Professional Programs & Partnerships
- Workshops and short courses
- Community Economic Development
- Community-engaged research & partnerships
- North Shore Rain Garden Project
- Researching Teaching and Learning for Democratic Participation: An Inquiry into Pedagogy Practices at Simon Fraser University
- Graduate professional programs
- Learning from the Global Pandemic
- Women Bending the Curve on Climate Change
- Engaging the Community to Build Flood Resilience: 12,000 Rain Gardens for the Puget Sound
- Engaging the university community in realizing sustainabiity: a transformational approach
- Engaging Citizens in Bike Lane Proposals: A Toronto Experience
- Climate Narratives
- Women's Participation and Leadership in Climate Solutions
- Prospective Students
- New Students
- Current Students
- REDIRECT ONLY
Engaging the community to build flood resistant rain gardens
Many municipalities are using rain gardens as part of their green infrastructure development, however they do not involve the community in any aspect of their design, location selection or construction and are thus missing an important opportunity to inform and engage the public in stewarding this remarkable green technology. This project is unique in its focus on engaging and empowering the community in a "hands on" learning experience that is aimed at building their capacity to proactively contribute to rainwater management and community stewardship and in doing so, become "flood resistant and water resilient."
The goal of this project is to empower communities to address the impacts of flooding on ecosystems, property and storm water systems. To achieve this goal, we will use a collective impact framework to implement an integrated cross-sector strategy that will engage and support residents in understanding and undertaking relevant rain water management activities, and foster long term behaviour change.
This project will mobilize technical and ecological knowledge of rain gardens so that citizens, elementary and secondary school students, stewardship groups, and governments are aware of the benefits of rain gardens, learn how to access information and resources to assist in their design and construction, and engage with others in planning, installation and maintenance of these green infrastructure resources. It will use the ‘Water Balance Express for Landowners’ tool to connect desired watershed outcomes with what individuals do on their properties, and to measure the before and after conditions of water flow and quality.
The project will establish three demonstration rain gardens in prominent public spaces on Vancouver’s North Shore. It will develop a guide to community and school participation and local resources, and contractors trained in the construction of rain gardens, as well as conduct workshops for residents, professional landscapers and related contractors, and municipal staff to develop best practices in rain garden construction. The project will also develop policy recommendations for municipal incentives and standards to motivate and support residents in creating rain gardens on their properties and in public areas.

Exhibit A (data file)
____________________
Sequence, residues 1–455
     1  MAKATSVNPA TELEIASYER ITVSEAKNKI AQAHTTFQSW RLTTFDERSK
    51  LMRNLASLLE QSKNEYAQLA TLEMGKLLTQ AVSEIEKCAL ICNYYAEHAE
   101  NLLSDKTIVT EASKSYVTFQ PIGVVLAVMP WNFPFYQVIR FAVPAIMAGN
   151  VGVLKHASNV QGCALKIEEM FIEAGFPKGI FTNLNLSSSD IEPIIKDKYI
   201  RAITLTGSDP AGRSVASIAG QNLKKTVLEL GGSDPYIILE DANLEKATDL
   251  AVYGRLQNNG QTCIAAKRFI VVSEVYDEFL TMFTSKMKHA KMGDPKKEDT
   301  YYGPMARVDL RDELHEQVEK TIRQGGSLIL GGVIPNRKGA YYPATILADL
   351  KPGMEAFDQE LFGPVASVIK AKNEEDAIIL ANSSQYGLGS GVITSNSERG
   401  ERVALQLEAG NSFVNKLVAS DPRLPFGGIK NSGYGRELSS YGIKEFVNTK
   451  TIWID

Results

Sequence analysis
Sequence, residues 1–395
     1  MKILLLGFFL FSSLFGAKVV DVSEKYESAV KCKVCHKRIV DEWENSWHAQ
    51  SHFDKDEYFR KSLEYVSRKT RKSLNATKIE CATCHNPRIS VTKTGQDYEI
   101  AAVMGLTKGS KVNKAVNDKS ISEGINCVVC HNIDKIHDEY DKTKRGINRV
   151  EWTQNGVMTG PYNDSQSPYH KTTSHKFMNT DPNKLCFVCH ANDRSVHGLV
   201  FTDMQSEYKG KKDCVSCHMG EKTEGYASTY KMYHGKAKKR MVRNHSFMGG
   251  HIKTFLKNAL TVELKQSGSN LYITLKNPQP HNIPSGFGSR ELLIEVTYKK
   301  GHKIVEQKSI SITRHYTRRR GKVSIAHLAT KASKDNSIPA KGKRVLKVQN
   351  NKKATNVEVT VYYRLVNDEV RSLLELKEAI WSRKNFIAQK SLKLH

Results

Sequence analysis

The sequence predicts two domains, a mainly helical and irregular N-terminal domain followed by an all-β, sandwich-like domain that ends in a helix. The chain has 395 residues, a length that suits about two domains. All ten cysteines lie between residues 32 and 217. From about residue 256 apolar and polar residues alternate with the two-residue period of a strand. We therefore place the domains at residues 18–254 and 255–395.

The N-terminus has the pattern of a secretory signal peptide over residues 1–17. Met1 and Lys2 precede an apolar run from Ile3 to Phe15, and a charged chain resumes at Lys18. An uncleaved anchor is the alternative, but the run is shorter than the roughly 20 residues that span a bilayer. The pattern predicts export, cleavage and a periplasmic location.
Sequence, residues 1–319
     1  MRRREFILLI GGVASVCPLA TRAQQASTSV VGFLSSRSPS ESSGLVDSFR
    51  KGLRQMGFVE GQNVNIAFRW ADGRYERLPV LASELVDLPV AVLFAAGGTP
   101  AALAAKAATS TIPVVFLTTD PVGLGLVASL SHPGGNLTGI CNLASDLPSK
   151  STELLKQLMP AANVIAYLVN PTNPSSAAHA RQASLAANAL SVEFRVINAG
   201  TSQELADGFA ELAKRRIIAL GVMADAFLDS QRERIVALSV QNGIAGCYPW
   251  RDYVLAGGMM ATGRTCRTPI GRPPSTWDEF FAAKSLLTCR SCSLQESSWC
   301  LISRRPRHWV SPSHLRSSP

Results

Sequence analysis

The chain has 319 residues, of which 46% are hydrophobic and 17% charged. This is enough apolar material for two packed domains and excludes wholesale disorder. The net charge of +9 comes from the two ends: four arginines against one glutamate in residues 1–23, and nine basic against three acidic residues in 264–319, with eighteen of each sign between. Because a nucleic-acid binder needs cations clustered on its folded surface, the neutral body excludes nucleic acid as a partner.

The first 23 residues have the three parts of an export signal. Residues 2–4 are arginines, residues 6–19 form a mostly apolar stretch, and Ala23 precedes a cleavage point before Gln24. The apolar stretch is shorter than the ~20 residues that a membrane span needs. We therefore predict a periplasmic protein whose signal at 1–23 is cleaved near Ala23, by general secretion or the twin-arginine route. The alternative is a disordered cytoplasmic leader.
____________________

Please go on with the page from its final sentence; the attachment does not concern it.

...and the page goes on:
This is particularly relevant for the North Shore, where three municipalities, the City of North Vancouver, the District of North Vancouver, and the District of West Vancouver, are situated between Burrard Inlet and the steep southern slopes of the North Shore Mountains. The North Shore’s high levels of rainfall and runoff from the mountains’ deep snowpack feed a large system of rivers, creeks and streams, many of which are salmon bearing. But the rain and snowmelt also contribute to significant flooding when the urbanized landscape does not provide adequate permeable surfaces for water absorption.
Guide to North Shore Rain Gardens: June, 2018
Rain gardens are a form of green stormwater infrastructure: they come in many forms and they all help to reduce negative stormwater impacts to urban watersheds such as poor water quality and flooding. Visit some of the North Shore rain gardens with this handy guide!
Friday, February 9, 2018 | 9:30AM - 2:00PM
The workshop will aim to integrate understanding of green infrastructure, ecological restoration, urban planning, landscape architecture, government planning and action, and climate change resilience. The workshop calls upon a panel of experts to speak to each section, followed by a roundtable, and summary by the panel speakers. It will approach these concepts in a top-down framework by moving through the current green infrastructure landscape with a number of guest lecturers. A full workshop itinerary as well as a summary report from the workshop are now available!
June 27, 2017
Simon Fraser University's Faculty of Environment's Pacific Water Research Centre and partners are inviting you to learn about an exciting rain garden initiative in Puget Sound and explore what it would take to build 12,000 rain gardens on the North Shore.
An effective blend of regionally coordinated but locally driven efforts, the 12,000 Rain Gardens in Puget Sound campaign has played a major role in taking the rain garden concept from obscure to commonplace and from outlier to mainstream in terms of stormwater management strategies. With representatives from the City of North Vancouver, the District of North Vancouver and the District of West Vancouver, we will talk about what it would take to engage our citizens in such an initiative here on the North Shore.
Rain garden building information
Pasztor, Zsofia and Keri DeTore. 2017. Rain Gardens for the Pacific Northwest: design and build your own. Skipstone Books, Seattle, Washington.
Local success stories
North Shore News - West Vancouver rain garden project honours work of tireless volunteer
North Shore News - North Shore Rain Garden Project demonstrates 'natural technology'